DESCRIPTIONViral pneumonia is a lung infection caused by a virus. It is unlikely that others will develop pneumonia from exposure to a child with viral pneumonia. The lower respiratory tract (bronchial tubes, bronchioles, and lungs) and the upper respiratory tract (nose, throat, tonsils, sinuses, trachea, and larynx) are involved.
Appropriate health care includes:
Self-care after diagnosis.
Physician's monitoring of general condition and medications.
SIGNS & SYMPTOMSFever and chills.
Muscle aches and fatigue.
Cough, with or without sputum or "croup."
Rapid, labored (sometimes) breathing.
Loss of appetite.
Enlarged lymph glands in the neck.
Virus infections, including influenza, chickenpox (especially in adults), respiratory viruses, measles, and cytomegalovirus (especially in infants).
Inhalation of a foreign body into the lung.
Crowded or unsanitary living conditions.
PREVENTING COMPLICATIONS OR RECURRENCENo specific preventive measures.
Your own observation of symptoms.
Medical history and physical exam by a doctor.
Laboratory blood studies.
X-rays of the chest and lungs.
Secondary bacterial infections of the lungs.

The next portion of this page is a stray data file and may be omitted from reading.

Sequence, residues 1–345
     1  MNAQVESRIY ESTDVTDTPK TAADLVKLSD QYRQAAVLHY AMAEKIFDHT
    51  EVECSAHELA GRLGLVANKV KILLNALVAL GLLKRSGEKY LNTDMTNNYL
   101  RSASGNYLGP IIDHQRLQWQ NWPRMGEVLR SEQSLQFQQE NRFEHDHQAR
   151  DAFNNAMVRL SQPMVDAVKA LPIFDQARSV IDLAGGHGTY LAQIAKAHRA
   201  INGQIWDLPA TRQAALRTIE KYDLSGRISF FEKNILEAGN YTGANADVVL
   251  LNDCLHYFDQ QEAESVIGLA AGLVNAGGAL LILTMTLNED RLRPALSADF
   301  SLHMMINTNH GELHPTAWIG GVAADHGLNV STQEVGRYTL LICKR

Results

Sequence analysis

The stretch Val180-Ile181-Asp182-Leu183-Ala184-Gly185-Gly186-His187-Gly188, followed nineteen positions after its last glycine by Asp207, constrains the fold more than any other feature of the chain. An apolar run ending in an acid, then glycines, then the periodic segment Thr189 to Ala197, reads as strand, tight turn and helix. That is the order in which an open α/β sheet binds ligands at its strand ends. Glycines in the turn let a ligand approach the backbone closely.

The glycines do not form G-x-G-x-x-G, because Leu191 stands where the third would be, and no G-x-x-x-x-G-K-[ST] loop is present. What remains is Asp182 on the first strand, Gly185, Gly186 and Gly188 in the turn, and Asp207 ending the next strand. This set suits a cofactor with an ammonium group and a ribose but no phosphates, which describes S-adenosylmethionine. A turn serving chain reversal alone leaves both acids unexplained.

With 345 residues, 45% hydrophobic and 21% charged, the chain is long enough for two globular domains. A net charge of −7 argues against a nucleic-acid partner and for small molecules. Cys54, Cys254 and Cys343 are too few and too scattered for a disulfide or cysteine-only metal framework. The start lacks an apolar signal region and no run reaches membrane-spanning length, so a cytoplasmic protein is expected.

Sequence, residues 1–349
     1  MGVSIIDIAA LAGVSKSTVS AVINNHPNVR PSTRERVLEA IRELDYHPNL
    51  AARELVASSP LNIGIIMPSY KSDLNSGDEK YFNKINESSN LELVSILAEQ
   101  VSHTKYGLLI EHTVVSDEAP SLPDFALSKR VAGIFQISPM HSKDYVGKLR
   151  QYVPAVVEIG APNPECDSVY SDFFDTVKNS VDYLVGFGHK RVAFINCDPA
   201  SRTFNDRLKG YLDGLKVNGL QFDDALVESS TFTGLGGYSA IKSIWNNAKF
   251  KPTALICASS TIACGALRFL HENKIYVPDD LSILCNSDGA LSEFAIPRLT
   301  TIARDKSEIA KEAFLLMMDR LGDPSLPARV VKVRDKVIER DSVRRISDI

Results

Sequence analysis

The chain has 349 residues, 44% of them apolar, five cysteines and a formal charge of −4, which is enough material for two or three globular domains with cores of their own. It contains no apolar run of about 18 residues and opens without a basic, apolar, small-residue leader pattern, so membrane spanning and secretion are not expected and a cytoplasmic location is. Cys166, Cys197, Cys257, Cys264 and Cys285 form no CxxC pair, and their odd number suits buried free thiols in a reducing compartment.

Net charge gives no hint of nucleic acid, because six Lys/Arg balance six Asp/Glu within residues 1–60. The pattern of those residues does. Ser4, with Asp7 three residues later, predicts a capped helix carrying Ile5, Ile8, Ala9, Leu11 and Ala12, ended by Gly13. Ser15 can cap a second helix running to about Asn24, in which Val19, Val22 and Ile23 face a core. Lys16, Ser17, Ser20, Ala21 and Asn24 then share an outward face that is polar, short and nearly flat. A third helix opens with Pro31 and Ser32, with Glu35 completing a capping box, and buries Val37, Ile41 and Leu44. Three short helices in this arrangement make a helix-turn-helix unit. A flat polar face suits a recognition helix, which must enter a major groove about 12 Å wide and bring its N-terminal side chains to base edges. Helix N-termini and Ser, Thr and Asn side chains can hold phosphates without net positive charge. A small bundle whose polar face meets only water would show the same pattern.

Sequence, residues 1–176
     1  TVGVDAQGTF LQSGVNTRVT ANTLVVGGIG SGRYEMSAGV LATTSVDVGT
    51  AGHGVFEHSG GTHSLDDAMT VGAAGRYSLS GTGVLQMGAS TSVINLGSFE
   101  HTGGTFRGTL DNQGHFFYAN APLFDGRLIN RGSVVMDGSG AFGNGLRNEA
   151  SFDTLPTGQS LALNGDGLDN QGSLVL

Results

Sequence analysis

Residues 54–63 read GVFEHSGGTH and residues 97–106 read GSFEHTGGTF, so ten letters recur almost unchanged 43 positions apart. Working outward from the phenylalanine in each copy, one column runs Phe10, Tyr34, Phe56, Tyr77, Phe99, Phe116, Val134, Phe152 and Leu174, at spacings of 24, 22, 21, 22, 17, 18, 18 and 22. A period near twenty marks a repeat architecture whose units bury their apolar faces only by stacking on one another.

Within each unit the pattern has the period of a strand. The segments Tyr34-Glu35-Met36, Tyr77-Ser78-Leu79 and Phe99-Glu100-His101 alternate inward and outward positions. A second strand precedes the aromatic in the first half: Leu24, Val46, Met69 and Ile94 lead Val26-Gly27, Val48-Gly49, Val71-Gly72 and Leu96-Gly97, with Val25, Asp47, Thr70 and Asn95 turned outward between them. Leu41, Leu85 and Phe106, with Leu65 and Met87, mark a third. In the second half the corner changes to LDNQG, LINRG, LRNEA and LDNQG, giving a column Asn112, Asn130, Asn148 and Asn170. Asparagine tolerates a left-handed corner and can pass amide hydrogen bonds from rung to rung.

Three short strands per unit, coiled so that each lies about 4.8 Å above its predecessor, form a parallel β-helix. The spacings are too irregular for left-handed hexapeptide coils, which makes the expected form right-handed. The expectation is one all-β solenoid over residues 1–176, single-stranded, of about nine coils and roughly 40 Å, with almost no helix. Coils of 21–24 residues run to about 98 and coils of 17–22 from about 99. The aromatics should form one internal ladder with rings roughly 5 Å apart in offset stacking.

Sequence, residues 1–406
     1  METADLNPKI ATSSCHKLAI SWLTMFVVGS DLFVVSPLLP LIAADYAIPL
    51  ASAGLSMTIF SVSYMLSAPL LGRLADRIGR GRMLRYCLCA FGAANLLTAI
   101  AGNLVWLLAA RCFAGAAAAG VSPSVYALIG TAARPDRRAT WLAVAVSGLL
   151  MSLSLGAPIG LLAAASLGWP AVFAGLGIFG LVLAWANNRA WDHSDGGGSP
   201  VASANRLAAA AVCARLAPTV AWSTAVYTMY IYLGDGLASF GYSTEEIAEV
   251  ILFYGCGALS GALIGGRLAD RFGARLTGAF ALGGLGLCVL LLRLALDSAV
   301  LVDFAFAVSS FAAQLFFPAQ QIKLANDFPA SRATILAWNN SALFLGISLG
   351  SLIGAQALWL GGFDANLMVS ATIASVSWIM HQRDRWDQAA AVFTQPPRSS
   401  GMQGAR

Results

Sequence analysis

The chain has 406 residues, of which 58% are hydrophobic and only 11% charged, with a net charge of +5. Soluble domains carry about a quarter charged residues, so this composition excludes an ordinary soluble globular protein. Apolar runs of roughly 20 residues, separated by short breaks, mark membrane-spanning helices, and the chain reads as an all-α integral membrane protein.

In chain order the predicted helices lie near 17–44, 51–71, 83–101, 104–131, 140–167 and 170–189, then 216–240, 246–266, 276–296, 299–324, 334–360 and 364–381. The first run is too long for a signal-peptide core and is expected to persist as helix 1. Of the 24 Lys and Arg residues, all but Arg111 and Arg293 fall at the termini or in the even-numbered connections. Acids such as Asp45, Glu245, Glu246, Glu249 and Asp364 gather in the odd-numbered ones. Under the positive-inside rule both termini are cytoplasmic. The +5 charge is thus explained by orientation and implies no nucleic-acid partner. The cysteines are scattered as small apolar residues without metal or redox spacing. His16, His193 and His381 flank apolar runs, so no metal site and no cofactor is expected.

Usually curable in 4 weeks.
Use a cool-mist humidifier to increase air moisture around your child. Putting medicine in the vaporizer probably will not help.
Use a heating pad on the child's chest to relieve chest pain.
MEDICATIONIf the cough produces sputum, it is ridding the child's lungs of secretions and should not be suppressed with medicine. If the cough is dry, non-productive and painful, you may suppress it with non-prescription cough medicine that contains dextromethorphan.
For minor pain and fever, use non-prescription drugs, such as acetaminophen or decongestant nose drops, nasal sprays, or tablets. Avoid aspirin to decrease the possibility of Reye's syndrome.
Your doctor may prescribe antibiotics to fight secondary bacterial infections.
See Medications section for information regarding medicines your doctor may prescribe.
Bed rest is necessary for your child until fever, pain, and shortness of breath have been gone at least 48 hours. Then normal activity may be resumed slowly. Many children are fatigued and weak for up to 6 weeks after recovery, so don't expect a quick return to normal strength.
DIET & FLUIDS
No special diet, but do everything possible to encourage your child to maintain a normal intake of nutritious foods and drinks. Extra fluids help thin lung secretions so they are easier to cough up.
OK TO GO TO SCHOOL?When signs of infection have decreased, appetite returns, and alertness, strength, and feeling of well-being will allow.
CALL YOUR DOCTOR IF
Your child has symptoms of pneumonia.
The following occurs during treatment:
-- Temperature spikes (rises suddenly) to over 102F (38.9C).
-- Intolerable pain, despite medication and heat treatment.
-- Increasing shortness of breath.
-- Increasing blueness of nails and skin.
-- Blood in the sputum.
-- Nausea, vomiting, or diarrhea.